Fear is a strange thing, it starts out little and innocent, but if it is left uncontrolled it festers. In the book, The Lord of the Flies by William Golding, people wonder, “What happened to those innocent, little boys?” and “Who is behind this new-found fear and corruption inside the boys?” It isn’t until the Lord of the Flies is introduced this questioned is answered. The Lord of the Flies (the pig’s head on a stick) is the one behind the corruption in the boys. It isn’t the pig’s head making this corruption pop up suddenly; it is the spirit inside the pig’s head. The Lord of the Flies is Satan.
The human nature can be a vile, corrupt, and heinous object that will do anything to benefit itself and put down others. This is the bleak reality of the human nature. LoTF, written by William Golding, and Kite Runner, written by Khaled Hosseini are two books that follow the tragic stories of young boys who lost and sacrificed everything when they succumbed to their evil desires. Lord of the Flies and Kite runner both shed light on human nature by showing the inherent evil that can be evoked, how it can lead to the loss of childhood innocence, and the sacrifices we are willing to make. The quality that defines the human nature best is our inherent evil.
In “The Nightmare Beast, War and the Children in William Golding’s The Lord of the Flies” by J. Dangar (Doc. C), there is a quote from Golding himself where he says “The war produced a noticeable effect on me. It scared me stiff… I began to see what people were capable of doing.” War played a large part in Golding’s life, and the violence was an inspiration for “The Lord of the Flies”. In chapter 6 (Doc. D), there was a “sign… from the world of grown ups… A parachute, a figure that hung with dangling limbs… When the breeze blew… the figure seemed to peer across the brow of the mountain.” The boys see this figure, consequently believing it to be the mythical “beast”.
Nobody is born bad, not even the evilest of souls. In the Lord of the Flies, the main point of emphasis is that inherent good is in everyone, but so is original sin. The beast is inside of us all, and that is why with every child comes a beast. People turn savage because of their life experiences. Many times throughout our life we must make a decision that can change us forever.
So she began taking of its fruit and eating it.+ Afterward, she also gave some to her husband when he was with her, and he began eating it.+7 Then the eyes of both of them were opened, and they realized that they were naked.” (Slide 10) Zeenat: The presence of evil in Lord of the Flies is the beast. Golding interprets allegory to the bible when he expresses the event in which the calmness of the island is disturbed, due to the talk of a creature the boys refer to as a "snake-thing” that evokes fear among them. This creature represents the presence of Satan in the Garden of Eden, who approached Adam and Eve disguised as a serpent. (Slide 11) Abby: Though Satan is an external force, the “beast” is a projection of the boy’s savage inclination. Just like with Adam and Eve, the boy’s fail to realize that the danger of evil stirs up sinful and illogical behavior which inevitably sends them to their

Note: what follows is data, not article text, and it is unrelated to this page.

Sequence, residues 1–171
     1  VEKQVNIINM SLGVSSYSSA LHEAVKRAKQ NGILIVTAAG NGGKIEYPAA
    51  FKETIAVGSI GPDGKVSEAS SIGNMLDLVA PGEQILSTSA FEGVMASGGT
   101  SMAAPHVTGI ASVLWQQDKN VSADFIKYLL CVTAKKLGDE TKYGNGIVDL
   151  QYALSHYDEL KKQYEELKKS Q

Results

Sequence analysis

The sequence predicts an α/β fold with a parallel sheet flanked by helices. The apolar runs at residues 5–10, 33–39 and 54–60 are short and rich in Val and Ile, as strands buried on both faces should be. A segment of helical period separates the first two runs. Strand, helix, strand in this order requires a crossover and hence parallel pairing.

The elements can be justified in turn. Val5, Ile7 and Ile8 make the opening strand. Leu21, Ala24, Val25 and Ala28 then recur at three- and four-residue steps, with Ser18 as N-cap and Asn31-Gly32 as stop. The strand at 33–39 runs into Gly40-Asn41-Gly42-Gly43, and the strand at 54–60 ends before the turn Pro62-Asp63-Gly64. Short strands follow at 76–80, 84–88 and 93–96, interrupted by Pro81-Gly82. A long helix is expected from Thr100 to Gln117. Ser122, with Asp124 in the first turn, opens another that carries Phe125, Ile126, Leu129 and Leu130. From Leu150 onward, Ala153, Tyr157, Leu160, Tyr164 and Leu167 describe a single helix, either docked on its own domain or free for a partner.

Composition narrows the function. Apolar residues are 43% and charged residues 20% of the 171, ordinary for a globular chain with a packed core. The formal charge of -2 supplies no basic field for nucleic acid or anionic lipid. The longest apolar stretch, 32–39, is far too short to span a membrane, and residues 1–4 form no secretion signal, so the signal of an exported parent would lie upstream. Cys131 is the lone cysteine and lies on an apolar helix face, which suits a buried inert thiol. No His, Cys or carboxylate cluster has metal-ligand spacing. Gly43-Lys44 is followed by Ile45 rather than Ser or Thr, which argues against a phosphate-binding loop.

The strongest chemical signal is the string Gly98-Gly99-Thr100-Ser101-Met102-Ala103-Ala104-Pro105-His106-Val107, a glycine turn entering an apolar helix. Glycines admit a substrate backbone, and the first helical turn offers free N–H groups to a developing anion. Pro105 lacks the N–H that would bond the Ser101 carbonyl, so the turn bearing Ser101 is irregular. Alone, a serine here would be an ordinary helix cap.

This sowed in the seeds of uncertainty amongst its members. Lord of the Flies brings out this element of uncertainty very vividly. The boys on the island are unsure of any rescue and also are unable to trust each other. The social decline is shown through the disputes amongst Jack and Ralph. The aspect of uncertainty looms even with respect to the beast.
I’m part of you? Close, close, close! I’m the reason why it’s no go? Why things are what they are?” (Golding, 143). With the correct perspective, it becomes clear that the beast is not a real, tangible creature, but an internal force, a manifestation of evil.
Human Nature: Good vs Evil In 1954 when William Golding published Lord of the Flies, in his novel it showed, human nature between Good vs Evil. Being easily influenced, feeling lost and wanting to fit in; and not wanting to feel vulnerable, which leads to seeking power, can make a person loses their identity, and it can open up the door for evil to take over. This is how William Golding will demonstrate this thesis throughout Lord of the Flies. Firstly, being easily influenced can make a person lose their identity, and it can open up the door for evil to take over because, if a person does not know who they are, other peoples influences can change them for the good or evil. In this case of Lord of the Flies, these influences have opened the door to evil: “Roger led the way straight through the castles, kicking them over, burying the flowers, scattering the chosen stones.
As the Lord of the Flies speaks to Simon it is important that it tells Simon that the beast doesn’t really exist and it is among the humans. Simon knew this before he met the Lord of the Flies. However, he cannot say this to the boys because of the attention and fear that the boys will laugh at him. The Lord of the Flies is the opposing force against Simon who is the ‘true good’ of the novel and the Lord of the Flies being the true and real evil. The Lord of the Flies is not only the opposing, but probably the dark side of Simon himself.